Detection of ALMB-toxin in the larval body of Myrmeleon bore by anti-N-terminus peptide antibodies.
Antibodies were raised against a synthetic antigen carrying the N-terminus peptide of ALMB-toxin, which had been isolated from the antlion, Myrmeleon bore, that exhibited high specificity to the toxin. Analyses with the antibodies showed the toxin to be present mainly at the larval stage and localized in a region from the thorax to abdomen of the larval body. (+info)
Role of metabolic activation in the pathogenesis of chemically induced pulmonary disease: mechanism of action of the lung-toxic furan, 4-ipomeanol.
Many xenobiotics produce hepatic injury due to their metabolism in the liver to highly reactive electrophile intermediates which form covalent conjugates with nucleophilic cellular constituents. This presentation describes studies indicating that the production of chemically reactive metabolites by pulmonary metabolism of xenobiotics can also play a fundamental role in the pathogenesis of chemically induced lung disease. (+info)
Selective killing of CD8+ cells with a 'memory' phenotype (CD62Llo) by the N-acetyl-D-galactosamine-specific lectin from Viscum album L.
As reported previously by our group, among the toxic proteins from Viscum album L. only the mistletoe lectins (MLs) induce the apoptotic killing pathway in human lymphocytes. Although one may expect a homogenous distribution of carbohydrate domains on cell surface receptors for the carbohydrate binding B chains of the toxic protein, the sensitivity of cells to these B chains obviously differ. Here we report a selective killing of CD8+ CD62Llo cells from healthy individuals by the galNAc-specific ML III (and RCA60, which binds to gal and galNAc), while the gal-specific ML I was less effective. This selective killing is not sufficiently explained by protein synthesis inhibition alone, since this subset was not affected by other ribosome inhibiting proteins such as the lectin from Ricinus communis (RCA120), lectin from Abrus precatorus (APA), abrin A, and inhibitors of RNA, DNA and/or protein synthesis such as actinomycin D, mitomycin C, and cycloheximide. We conclude that CD8+ cells with 'memory' phenotype (CD62Llo) are more sensitive to the ML III-mediated killing than their CD8+ CD62Lhi counterparts, CD4+ T cells, and CD19+ B cells. These cells probably express a distinct receptor with galNAc domains that is missing or not active on CD8+ cells with a 'naive' phenotype. (+info)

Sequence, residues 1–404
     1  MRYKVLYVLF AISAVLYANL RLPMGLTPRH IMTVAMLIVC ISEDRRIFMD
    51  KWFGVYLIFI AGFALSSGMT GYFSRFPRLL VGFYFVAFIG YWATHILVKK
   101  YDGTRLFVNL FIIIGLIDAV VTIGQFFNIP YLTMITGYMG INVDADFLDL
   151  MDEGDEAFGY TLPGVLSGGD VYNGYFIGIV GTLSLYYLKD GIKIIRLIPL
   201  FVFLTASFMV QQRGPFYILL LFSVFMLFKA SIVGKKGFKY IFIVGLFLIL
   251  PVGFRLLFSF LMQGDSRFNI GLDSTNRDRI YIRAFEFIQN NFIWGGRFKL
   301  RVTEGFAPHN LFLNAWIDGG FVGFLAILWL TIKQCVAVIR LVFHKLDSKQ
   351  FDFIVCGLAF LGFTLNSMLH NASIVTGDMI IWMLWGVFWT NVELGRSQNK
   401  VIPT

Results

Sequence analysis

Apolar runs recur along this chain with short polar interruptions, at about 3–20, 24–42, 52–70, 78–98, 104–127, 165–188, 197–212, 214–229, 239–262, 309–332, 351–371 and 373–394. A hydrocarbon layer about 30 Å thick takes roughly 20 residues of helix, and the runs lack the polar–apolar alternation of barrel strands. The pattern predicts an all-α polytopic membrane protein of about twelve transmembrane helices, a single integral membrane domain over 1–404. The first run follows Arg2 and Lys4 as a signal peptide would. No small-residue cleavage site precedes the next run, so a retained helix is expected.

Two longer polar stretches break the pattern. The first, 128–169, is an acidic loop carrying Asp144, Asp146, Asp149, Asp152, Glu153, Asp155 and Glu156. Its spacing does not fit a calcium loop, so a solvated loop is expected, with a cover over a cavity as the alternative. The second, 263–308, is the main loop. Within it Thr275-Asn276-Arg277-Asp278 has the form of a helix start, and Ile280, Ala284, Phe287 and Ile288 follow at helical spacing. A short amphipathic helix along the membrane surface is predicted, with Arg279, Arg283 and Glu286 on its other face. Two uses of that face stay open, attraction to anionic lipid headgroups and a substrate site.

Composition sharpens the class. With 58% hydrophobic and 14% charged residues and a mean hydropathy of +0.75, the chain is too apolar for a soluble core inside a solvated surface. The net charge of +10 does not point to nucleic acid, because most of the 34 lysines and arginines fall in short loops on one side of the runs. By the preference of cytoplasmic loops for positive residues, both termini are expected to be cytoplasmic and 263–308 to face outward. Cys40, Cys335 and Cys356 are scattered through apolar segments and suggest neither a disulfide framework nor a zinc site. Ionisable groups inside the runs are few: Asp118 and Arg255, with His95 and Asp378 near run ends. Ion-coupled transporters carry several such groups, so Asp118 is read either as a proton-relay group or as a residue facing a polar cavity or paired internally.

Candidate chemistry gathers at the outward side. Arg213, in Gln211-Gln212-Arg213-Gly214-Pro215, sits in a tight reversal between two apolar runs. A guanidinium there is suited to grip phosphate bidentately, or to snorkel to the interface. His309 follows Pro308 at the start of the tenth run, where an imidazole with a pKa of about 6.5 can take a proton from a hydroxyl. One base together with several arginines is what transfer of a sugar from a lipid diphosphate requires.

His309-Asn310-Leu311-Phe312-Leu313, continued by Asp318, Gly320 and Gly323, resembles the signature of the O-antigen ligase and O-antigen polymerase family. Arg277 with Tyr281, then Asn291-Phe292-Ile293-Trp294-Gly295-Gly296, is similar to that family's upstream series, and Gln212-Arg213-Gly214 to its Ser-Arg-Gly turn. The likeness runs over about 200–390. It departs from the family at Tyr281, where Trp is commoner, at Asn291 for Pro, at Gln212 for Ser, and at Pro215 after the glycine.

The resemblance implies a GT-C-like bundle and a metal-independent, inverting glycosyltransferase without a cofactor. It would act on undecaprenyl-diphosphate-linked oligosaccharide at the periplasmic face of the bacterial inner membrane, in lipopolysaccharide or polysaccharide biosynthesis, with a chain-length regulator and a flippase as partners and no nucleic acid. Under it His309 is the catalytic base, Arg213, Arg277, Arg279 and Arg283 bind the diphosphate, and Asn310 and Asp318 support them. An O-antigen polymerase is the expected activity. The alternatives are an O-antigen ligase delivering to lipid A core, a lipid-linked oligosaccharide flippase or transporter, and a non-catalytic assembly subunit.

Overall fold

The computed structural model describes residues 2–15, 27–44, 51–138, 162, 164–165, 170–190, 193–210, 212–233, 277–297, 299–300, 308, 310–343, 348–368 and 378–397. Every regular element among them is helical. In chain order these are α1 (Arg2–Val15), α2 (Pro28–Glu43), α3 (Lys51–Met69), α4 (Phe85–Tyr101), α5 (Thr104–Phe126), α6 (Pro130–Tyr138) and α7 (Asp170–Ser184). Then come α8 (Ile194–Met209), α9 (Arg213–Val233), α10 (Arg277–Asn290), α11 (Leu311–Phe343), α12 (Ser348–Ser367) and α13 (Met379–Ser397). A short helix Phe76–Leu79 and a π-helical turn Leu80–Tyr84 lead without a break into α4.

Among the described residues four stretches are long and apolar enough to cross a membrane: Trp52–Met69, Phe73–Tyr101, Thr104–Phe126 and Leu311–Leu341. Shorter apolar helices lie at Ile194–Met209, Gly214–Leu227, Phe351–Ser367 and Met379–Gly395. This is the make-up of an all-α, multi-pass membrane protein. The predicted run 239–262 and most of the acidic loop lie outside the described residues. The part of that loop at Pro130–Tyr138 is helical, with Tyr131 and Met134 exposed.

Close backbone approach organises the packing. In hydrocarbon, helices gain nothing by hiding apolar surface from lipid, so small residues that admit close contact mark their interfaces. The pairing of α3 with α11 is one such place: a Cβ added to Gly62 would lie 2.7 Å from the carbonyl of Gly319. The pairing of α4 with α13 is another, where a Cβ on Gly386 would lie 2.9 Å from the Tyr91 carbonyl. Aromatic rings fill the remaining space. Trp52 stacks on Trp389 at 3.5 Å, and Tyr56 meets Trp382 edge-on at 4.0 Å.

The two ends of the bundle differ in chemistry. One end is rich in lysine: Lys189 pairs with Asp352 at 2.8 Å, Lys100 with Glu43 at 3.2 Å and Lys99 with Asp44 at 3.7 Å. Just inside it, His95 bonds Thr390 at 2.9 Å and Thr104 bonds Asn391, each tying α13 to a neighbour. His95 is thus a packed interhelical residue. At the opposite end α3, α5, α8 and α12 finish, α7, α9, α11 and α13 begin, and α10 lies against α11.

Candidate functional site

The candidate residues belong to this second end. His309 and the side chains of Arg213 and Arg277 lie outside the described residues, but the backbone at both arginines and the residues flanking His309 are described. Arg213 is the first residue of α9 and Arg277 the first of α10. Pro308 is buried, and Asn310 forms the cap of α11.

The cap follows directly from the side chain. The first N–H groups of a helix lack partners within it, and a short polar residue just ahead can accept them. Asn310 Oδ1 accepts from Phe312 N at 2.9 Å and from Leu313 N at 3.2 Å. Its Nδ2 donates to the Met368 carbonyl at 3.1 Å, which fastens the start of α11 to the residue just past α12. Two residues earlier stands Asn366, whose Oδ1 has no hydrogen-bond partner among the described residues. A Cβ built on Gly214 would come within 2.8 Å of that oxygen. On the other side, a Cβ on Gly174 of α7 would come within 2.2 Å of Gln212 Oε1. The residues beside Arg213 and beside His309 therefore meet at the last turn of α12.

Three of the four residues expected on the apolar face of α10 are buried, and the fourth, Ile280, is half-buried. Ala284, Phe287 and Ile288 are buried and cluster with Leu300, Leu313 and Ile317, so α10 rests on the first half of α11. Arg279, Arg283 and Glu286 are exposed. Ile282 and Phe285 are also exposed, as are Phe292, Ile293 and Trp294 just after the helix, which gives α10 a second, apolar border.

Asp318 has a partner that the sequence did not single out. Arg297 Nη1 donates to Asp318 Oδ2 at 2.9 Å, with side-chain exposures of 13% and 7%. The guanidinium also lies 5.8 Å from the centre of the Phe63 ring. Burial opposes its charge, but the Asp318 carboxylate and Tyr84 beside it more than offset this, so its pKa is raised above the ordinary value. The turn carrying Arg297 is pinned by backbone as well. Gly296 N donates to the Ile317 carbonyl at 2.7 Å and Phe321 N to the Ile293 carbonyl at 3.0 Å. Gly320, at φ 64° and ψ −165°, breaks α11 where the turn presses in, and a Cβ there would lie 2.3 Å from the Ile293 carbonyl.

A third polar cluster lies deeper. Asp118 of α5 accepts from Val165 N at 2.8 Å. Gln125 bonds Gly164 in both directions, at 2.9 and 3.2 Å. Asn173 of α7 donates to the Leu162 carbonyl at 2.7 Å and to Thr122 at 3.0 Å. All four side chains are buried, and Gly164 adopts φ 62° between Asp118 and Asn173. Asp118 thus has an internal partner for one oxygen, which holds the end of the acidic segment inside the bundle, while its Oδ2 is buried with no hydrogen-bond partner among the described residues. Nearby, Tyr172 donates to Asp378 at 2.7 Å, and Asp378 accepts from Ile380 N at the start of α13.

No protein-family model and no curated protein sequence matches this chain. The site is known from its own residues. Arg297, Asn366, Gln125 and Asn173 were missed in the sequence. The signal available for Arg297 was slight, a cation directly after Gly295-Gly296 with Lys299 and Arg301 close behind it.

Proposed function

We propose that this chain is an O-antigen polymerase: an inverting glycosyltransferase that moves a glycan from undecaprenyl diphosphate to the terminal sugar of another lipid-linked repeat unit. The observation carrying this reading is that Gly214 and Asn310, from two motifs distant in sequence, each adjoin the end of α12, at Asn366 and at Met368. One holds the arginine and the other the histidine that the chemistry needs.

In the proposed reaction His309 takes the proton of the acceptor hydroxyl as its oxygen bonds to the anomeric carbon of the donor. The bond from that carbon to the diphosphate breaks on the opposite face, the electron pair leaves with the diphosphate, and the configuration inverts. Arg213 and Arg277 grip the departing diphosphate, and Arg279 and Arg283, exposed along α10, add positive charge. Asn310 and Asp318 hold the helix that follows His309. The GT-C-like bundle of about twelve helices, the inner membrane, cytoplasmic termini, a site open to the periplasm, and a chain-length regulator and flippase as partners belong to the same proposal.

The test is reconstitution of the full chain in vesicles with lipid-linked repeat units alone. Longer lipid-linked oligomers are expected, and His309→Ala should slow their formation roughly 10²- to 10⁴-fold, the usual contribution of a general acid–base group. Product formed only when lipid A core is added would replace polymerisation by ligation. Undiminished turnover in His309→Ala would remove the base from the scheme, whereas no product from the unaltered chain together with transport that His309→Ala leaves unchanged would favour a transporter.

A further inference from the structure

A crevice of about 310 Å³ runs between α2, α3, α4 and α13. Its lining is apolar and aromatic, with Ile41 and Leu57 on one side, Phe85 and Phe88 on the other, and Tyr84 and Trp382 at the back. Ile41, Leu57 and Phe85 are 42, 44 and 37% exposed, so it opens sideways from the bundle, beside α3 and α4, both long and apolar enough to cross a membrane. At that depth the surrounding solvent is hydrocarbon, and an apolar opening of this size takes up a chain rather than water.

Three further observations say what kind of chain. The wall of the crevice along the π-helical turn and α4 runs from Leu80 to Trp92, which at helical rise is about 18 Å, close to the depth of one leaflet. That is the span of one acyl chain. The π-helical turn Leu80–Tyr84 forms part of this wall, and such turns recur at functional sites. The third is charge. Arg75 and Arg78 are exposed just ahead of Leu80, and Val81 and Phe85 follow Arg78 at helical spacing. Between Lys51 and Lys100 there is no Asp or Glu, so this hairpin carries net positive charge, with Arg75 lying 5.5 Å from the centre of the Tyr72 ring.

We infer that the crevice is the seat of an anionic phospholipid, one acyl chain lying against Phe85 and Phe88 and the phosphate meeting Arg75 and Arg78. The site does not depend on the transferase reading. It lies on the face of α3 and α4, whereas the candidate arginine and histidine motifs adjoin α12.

Mistletoe lectin activates caspase-8/FLICE independently of death receptor signaling and enhances anticancer drug-induced apoptosis.
Mistletoe lectin I (ML-I) is a major active component in plant extracts of Viscum album that is increasingly used in adjuvant cancer therapy. ML-I exerts potent immunomodulating and cytotoxic effects, although its mechanism of action is largely unknown. We show that treatment of leukemic T- and B-cell lines with ML-I induced apoptosis, which required the prior activation of proteases of the caspase family. The involvement of caspases is demonstrated because (a) a peptide caspase inhibitor almost completely prevented ML-I-induced cell death and (b) proteolytic activation of caspase-8, caspase-9, and caspase-3 was observed. Because caspase-8 has been implicated as a regulator of apoptosis mediated by death receptors, we further investigated a potential receptor involvement in ML-I-induced effects. Cell death triggered by ML-I was neither attenuated in cell clones resistant to CD95 nor in cells that were rendered refractory to other death receptors by overexpressing a dominant-negative FADD mutant. In contrast, ML-I triggered a receptor-independent mitochondria-controlled apoptotic pathway because it rapidly induced the release of cytochrome c into the cytosol. Because ML-I was also observed to enhance the cytotoxic effect of chemotherapeutic drugs, these data may provide a molecular basis for clinical trials using MLs in anticancer therapy. (+info)
Peptidyl inhibitors of shaker-type Kv1 channels elicit twitches in guinea pig ileum by blocking kv1.1 at enteric nervous system and enhancing acetylcholine release.